Technology companies in Mississippi anticipate 2008 being a big year as advancements and opportunities continue to come along in this fast-paced sector.
AGJ Systems & Networks, a Gulf Coast company that has grown from a three-person startup in 2002 to a 14-employee operation that was projected to earn $1.25 million in 2007, will be moving into its own facility this year from a Biloxi business incubator space.
“We’ve grown a little bit every year and now are changing our focus to quality instead of quantity,” said Ryan Giles, one of the founders and chief financial officer. “We’re getting ready to pour concrete for our building on Dedeaux Road in Gulfport and hope to be in by late summer.”
Giles and the other founders, Brian Alford and Bud Jones, plan to offer more services to customers and potential customers this year too. “We will be giving seminars on safe web practices,” Giles said. “We tried two seminars in 2007 to see if people are interested and will have more this year.”
The partners are also thinking of starting a free Web site for Coast residents to answer specific questions related to technology and the area’s weather and economy.
One change they see on the horizon is the move toward Microsoft’s Vista as the system’s issues are resolved and the learning curve reduced.
“We’re also seeing a lot of customers, especially accounting and medical customers, move to off-site records backup, some of which may be out of the state,” Giles said. “We’ve all learned the importance of having files backed up out of the area.”
Joel Bomgar, founder and CEO of the Bomgar Group, says his company is pretty pumped up about 2008. “We expect it to be a year full of energy. We just came off an incredible 2007, and our market is starting to display symptoms of entering the ‘tornado’ when demand in the market explodes,” he said.
He believes the ever-changing world of technology brings opportunity. “Good examples of this are the deployment of Windows Vista and Windows Mobile SmartPhones,” he said. “Both were technology challenges, but also technology opportunities as supporting these operating systems gave us an edge our competition did not have. Technology change is always disruptive; the key is to be the vendor that emerges on top after the disruption.”
Bomgar, who began his Ridgeland-based software company in 2003, says increasing mobility and connectivity in 2008 are accelerating the adoption of remote technical support technology as the need accelerates to support any computer, anywhere in the world, running any operating system, behind any firewall.
“The understanding that effective technical support means supporting anyone, anywhere without the frustration of a typical phone call creates huge opportunity for us,” he added.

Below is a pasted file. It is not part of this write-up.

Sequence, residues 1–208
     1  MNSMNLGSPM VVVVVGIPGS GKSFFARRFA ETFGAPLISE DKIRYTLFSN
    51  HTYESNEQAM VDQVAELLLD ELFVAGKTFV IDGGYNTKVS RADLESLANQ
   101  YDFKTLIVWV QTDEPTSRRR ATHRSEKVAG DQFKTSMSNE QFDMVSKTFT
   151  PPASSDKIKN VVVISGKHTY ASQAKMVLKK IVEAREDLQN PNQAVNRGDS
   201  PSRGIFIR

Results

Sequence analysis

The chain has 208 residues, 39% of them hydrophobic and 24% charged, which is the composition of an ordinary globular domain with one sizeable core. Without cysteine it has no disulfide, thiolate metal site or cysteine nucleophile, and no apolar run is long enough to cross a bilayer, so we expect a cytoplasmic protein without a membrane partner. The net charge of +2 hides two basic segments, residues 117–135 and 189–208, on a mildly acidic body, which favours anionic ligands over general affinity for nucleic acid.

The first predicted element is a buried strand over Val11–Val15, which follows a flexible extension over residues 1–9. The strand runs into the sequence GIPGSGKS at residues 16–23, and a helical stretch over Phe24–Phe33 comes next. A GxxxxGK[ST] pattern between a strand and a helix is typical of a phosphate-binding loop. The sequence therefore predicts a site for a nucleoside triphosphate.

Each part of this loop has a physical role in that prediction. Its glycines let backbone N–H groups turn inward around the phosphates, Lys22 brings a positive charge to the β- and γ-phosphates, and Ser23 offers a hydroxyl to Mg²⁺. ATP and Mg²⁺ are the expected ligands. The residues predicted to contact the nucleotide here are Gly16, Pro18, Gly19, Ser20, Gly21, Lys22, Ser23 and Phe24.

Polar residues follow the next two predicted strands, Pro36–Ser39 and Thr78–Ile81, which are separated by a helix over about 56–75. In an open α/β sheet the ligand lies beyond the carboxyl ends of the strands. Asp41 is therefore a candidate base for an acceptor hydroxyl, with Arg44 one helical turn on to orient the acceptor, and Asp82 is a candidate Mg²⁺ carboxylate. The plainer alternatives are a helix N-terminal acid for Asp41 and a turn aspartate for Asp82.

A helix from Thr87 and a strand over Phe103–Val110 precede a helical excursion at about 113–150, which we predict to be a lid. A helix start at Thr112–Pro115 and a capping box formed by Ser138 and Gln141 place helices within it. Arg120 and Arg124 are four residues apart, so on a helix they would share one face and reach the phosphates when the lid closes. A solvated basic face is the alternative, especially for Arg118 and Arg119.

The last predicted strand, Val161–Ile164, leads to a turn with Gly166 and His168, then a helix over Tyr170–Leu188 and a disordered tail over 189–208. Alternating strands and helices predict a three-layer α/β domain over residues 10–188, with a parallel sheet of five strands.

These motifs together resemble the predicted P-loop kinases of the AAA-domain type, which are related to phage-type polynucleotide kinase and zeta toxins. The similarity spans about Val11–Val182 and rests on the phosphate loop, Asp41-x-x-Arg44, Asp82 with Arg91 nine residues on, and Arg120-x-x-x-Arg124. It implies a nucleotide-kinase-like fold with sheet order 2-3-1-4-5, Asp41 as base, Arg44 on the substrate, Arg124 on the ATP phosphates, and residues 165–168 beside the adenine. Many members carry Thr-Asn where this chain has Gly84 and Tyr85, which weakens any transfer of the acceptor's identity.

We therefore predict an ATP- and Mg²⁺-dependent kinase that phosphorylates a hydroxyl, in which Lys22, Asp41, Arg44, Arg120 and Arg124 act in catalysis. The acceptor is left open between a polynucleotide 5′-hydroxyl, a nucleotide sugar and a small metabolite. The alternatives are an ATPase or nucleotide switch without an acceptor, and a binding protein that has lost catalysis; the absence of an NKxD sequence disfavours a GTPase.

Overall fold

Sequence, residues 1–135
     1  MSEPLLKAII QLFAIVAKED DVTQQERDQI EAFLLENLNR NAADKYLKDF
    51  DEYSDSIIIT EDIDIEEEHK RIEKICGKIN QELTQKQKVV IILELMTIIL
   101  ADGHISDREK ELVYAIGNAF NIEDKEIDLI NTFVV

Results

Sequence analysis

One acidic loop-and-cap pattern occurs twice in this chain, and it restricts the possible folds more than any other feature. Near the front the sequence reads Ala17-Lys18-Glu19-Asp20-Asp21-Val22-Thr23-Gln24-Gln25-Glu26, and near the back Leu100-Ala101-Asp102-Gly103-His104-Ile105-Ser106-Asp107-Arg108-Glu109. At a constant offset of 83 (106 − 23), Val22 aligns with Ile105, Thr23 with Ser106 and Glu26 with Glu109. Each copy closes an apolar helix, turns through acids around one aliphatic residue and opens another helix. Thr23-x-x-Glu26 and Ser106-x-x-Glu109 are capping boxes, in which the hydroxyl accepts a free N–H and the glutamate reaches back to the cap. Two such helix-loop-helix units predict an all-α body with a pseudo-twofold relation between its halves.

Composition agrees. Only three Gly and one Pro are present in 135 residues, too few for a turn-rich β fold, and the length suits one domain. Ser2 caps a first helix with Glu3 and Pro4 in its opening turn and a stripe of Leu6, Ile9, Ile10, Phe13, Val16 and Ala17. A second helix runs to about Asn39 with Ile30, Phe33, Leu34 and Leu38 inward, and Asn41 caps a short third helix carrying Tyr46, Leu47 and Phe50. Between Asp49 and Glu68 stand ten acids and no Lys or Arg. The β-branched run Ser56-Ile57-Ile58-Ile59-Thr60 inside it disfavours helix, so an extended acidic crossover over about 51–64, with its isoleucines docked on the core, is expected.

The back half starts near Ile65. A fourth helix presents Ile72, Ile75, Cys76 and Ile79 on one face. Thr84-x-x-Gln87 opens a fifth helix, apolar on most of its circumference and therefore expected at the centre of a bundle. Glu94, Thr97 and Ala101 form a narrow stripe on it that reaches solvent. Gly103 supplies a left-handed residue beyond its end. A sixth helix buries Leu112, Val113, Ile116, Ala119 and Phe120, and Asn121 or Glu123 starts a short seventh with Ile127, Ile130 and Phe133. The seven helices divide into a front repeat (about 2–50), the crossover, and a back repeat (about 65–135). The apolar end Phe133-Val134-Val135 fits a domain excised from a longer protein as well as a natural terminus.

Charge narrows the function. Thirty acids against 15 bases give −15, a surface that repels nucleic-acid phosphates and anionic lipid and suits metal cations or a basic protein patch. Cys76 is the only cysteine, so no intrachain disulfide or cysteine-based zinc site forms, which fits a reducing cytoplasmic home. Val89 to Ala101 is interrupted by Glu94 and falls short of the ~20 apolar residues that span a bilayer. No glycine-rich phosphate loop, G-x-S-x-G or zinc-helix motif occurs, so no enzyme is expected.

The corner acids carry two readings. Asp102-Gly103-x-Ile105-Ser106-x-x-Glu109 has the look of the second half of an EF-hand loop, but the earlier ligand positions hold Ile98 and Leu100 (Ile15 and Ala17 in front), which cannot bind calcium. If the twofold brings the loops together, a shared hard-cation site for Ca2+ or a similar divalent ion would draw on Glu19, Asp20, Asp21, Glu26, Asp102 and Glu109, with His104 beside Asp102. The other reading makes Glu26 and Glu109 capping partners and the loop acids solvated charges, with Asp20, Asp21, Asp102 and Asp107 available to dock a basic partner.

Business Communications Inc. (BCI), another Ridgeland-based technology company, will be settling into their new Gulfport location this year. The company, which also has offices in several Southern cities, now occupies a 5,000-square-foot building in Gulfport with 30 employees.
“This new building provides us with three times the space and a property that is fully ours,” said Tom Hinds, BCI vice president. “We believe in the Mississippi Gulf Coast and this community, and we’re invested in it.”
He predicts a fast paced year for BCI as a provider of business communications, technology services and structured cabling. “We will continue to assist public and private sector businesses in fully utilizing best practices and the most current technological innovations,” Hinds said.
This could be a big year for upstart company, Waites Wireless Sensors. A Hattiesburg entrepreneur, Andrew Waites, and the Jones County Junior College Advanced Technology Center have joined forces to produce a product with the potential to save lives. Waites hopes to further develop the technology for a remote sensor that can detect and transmit information about dangerous conditions on bridges.
“Jones County Junior College has the physical infrastructure to work with folks like us with start-up ventures,” Waites said. “We don’t have the capital to have a big facility, but will be occupying two offices there this year.”
The story of the wireless sensor began two years ago for Waites and his partner, Rob Ratterman of Cincinnati, Ohio, whey they developed technology to determine the usefulness of equipment to keep industries from making unnecessary replacements. The sensor detects impending equipment failure, saving down time and equipment costs. Now the partners hope to adapt the sensor to detect abnormalities in bridges.
Contact MBJ contributing writer Lynn Lofton at email@example.com.
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